Modifications were done to vessels, causing them to be connected in series. Unbeknown to the personnel, iron sulfite built up in the connecting lines. On a shut-down, after two workdays three artisans got out of one of the vessels and left down the stairway. The iron sulfite spontaneously ignited, and blew a heavy lid from an adjacent vessel, connected in the system. At that stage there was nobody present in any of the vessels. The lid came down, crashing between two of the aforementioned artisans, on the stairway. The lid collided elastically with the grating, jumping back and cutting one man in two. He died on the scene.
South African Accident Investigators are known to be tough. The one that came to investigate this specific accident was known to be even tougher. To make a long story short. The MFDs (Mechanical Flow Diagrams) were never updated to reflect the changes. When the production supervisor was questioned he could not even give a proper flow description to the inspector. He was subsequently tried and executed.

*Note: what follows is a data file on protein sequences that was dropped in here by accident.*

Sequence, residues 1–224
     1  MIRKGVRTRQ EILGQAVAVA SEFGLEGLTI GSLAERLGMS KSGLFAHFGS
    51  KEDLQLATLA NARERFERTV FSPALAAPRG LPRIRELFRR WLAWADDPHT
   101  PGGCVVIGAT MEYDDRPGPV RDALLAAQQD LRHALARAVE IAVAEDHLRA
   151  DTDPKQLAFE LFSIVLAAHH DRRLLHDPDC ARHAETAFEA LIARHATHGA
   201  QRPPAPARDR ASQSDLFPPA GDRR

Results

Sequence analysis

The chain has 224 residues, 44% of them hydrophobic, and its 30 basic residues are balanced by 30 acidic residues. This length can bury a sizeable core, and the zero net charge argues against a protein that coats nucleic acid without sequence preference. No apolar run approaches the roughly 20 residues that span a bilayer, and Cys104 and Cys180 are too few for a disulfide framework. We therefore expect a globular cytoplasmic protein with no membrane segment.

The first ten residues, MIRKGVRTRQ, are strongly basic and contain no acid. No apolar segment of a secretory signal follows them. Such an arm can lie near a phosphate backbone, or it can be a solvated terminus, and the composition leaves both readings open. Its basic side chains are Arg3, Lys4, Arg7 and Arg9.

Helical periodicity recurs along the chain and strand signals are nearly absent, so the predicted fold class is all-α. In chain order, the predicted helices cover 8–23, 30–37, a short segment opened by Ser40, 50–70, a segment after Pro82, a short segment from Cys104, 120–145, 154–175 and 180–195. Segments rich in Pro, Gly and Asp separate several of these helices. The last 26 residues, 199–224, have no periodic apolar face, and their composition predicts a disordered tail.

Just kidding! The way in which the investigator pulled those guys to pieces was, however, not a joke and court cases are still going on about that.
Lessons learned: Manage the Changes You Make
Make sure that procedures and documentation are in place BEFORE you hand the unit back to Production/Operations. If you do not have the MFDs ready at the time of re-commissioning then make sure that EVERY legal copy of the MFDs on the unit is marked up with the modifications. By implication: Control the amount of copies of the MFDs on the plant. That way you save yourself one heck of a headache.
‘Till next time – stay out of jail. Do it right!
by Marius Grobler